Photography, American

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In the United States, as elsewhere, images fixed by chemical responses to light excited widespread interest as soon as the process became available. Although photography's “truth” to reality appealed to a large audience, from its earliest days sophisticated observers realized that the medium offered aesthetic as well as utilitarian potential. Europeans produced the first permanent images, but Americans quickly contributed to photography's technical and artistic development. Press reports of the photographic process initially appeared in the United States in the early months of 1839, shortly after the first successes abroad. Samuel F. B. Morse proved instrumental to the introduction of the daguerreotype process to the United States later that year. Photographic portraits almost immediately caught the popular imagination, and in the 1840s daguerreotype studios dotted the nation. Outstanding practitioners included Albert Southworth, working in partnership with Josiah Hawes, and Mathew B. Brady. Because of the daguerreotype's limitations, few photographers attempted subjects other than portraits. However, some took their cameras into the street or even into the country to capture the earliest photographic views of cities and their rural environs.

Daguerreotypes are unique images on silver-plated copper. (There are no negatives from which copies can be made.) Because their image surfaces are delicate, they were fitted into cases, under glass, for hand viewing. Daguerreotypes recorded minute detail with extraordinary precision, but their dimensions remained small. The standard “sixth-plate” portrait measured 2.75 × 3.25 inches. Whole plates were 6.5 × 8.5 inches; few daguerreotypes were larger. To increase the effect of realism, subtle hand-tinting of flesh and perhaps a few details became common in portraits. The time required for a sitting decreased rapidly, within a decade from several minutes in bright sunlight to less than thirty seconds in a studio interior. As the daguerreotype's circumstances imply, throughout the history of photography, technical factors have limited or stimulated aesthetic qualities. Although the best daguerreotypes are objects of great beauty and refinement, under pressure of faster and more flexible methods, the process virtually disappeared from American photographic practice after about twenty years. In England and France, where early photography also flourished, it fell from favor even earlier. There, a process for making photographic prints from paper negatives came into use during the 1840s, but this technique found little appeal in the United States. Indeed, American fondness for daguerreotype portraits sustained their popularity for at least a decade after the next decisive improvement appeared in England.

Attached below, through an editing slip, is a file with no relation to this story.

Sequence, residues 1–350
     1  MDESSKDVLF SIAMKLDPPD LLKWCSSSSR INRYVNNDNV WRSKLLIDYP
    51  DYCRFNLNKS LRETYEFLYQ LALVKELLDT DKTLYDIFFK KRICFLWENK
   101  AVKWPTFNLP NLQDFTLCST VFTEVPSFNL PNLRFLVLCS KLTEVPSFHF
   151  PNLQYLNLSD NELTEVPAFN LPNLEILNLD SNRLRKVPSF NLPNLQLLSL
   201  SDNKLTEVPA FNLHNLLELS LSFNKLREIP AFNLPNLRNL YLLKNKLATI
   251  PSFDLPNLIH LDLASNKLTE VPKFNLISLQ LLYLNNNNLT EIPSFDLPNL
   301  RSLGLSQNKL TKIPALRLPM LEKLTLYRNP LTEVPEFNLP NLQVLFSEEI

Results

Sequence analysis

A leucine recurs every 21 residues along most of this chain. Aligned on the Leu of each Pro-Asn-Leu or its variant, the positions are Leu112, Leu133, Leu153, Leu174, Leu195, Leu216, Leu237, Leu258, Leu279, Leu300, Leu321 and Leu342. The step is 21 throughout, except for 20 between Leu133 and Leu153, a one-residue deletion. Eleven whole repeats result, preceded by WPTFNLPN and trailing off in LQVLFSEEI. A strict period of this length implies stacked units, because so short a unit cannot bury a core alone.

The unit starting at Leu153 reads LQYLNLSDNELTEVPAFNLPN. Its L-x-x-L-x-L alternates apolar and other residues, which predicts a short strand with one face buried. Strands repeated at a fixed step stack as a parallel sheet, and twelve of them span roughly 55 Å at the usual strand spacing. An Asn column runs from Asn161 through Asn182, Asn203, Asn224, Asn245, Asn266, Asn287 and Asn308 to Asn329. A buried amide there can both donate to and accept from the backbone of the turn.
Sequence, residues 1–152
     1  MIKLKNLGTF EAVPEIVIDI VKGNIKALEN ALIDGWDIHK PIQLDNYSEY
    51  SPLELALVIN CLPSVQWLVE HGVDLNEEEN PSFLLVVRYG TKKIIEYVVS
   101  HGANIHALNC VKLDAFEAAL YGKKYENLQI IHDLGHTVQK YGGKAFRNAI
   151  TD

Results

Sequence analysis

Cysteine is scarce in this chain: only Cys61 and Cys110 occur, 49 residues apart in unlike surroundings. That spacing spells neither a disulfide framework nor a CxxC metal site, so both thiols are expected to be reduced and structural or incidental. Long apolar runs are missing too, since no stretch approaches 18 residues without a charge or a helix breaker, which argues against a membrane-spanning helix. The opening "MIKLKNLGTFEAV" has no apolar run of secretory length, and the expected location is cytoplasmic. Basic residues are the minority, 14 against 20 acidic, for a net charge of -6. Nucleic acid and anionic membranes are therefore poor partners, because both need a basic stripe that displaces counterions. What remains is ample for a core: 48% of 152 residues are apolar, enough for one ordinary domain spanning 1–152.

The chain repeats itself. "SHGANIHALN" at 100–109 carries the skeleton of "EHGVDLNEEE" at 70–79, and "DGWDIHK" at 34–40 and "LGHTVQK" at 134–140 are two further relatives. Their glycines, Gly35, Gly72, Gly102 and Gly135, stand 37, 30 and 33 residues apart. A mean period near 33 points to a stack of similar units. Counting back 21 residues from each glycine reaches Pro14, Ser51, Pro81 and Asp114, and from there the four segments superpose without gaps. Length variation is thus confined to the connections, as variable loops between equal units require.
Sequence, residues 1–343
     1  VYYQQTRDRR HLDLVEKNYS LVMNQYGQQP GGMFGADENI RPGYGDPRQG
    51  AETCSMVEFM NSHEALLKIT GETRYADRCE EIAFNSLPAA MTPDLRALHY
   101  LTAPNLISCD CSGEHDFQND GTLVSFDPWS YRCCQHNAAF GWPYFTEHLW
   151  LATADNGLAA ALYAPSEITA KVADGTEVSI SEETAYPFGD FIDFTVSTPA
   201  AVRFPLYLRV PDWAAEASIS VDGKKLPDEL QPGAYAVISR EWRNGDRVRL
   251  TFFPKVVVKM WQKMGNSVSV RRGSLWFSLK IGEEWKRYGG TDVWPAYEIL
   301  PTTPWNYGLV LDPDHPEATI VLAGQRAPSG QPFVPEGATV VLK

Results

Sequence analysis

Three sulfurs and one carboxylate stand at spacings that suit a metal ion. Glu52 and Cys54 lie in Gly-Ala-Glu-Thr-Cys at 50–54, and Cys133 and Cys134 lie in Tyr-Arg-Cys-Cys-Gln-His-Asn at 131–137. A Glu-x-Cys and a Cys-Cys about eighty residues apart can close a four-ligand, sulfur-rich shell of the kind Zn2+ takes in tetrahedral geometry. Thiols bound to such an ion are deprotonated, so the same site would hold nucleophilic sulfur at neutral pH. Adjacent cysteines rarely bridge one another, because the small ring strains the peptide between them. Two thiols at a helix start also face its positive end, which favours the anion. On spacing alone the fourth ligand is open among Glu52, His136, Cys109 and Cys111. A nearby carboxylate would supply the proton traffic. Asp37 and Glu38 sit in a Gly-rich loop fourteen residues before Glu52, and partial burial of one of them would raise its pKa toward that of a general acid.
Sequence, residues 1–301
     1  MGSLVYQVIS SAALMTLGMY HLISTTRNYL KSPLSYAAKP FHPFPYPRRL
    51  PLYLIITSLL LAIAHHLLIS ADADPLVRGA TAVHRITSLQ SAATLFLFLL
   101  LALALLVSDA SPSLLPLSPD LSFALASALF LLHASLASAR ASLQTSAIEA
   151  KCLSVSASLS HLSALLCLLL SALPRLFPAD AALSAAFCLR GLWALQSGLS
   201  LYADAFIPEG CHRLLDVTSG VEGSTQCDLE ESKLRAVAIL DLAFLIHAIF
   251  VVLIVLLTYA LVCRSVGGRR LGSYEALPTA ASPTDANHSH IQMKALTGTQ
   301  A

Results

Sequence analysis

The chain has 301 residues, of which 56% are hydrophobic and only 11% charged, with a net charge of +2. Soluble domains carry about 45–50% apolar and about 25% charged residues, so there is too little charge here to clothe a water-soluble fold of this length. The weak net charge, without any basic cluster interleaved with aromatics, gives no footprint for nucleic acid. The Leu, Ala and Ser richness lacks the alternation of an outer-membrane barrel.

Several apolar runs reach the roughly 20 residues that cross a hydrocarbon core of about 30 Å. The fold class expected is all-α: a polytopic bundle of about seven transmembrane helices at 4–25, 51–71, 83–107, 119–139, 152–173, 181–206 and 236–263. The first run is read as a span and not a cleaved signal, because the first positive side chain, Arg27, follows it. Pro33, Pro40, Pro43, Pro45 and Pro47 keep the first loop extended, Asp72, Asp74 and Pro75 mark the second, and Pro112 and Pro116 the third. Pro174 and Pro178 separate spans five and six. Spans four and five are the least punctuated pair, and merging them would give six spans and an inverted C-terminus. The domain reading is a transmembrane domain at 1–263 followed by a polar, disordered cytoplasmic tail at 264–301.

Introduced in 1851, the glass-plate technique offered exposure times of a second or two. Only the plate and its camera size limited dimensions, and duplicate prints were easily produced. In the early wet-plate method, glass negatives coated with a substance known as collodion had to be exposed while still damp. Practitioners therefore had to carry with them not only the heavy and fragile plates but also an instant darkroom. Despite these impediments, the method's documentary potential was firmly established during the Civil War. Although action shots still were not possible, this became the first major conflict in history to be extensively photographed. George Barnard, Brady, Alexander Gardner, and Timothy O'Sullivan numbered among the most distinguished pioneers of this early photojournalism. After the war, the still little-known American West drew adventurous documentarians, including William Henry Jackson, Eadweard Muybridge, O'Sullivan, and Carleton Watkins. From the 1860s, nearly all landscape and other reportorial photographers produced a sideline of mass-market stereographs. Widely popular in American drawing rooms into the early twentieth century, the paired images originated in cameras fitted with double lenses set about as far apart as a person's eyes. Mounted on cardboard, these twinned pictures produced remarkable three-dimensional effects when examined through a hand-held viewer. The collodion process also made possible several popular portrait types. In imitation of the daguerreotype, the ambrotype image on glass was backed with dark material and sealed in a daguerreotype case. Secured on black-enameled metal, tintypes appeared in vast quantities as inexpensive, small, and generally unpretentious portraits for ordinary Americans. Cartes-de-visite became a rage in the early 1860s, as these 4 × 2.5-inch paper photographs mounted on stiff cardboard came into use as calling cards. A 6.5 × 4.5-inch variation, the cabinet photograph, soon followed.


Subjects: Art.

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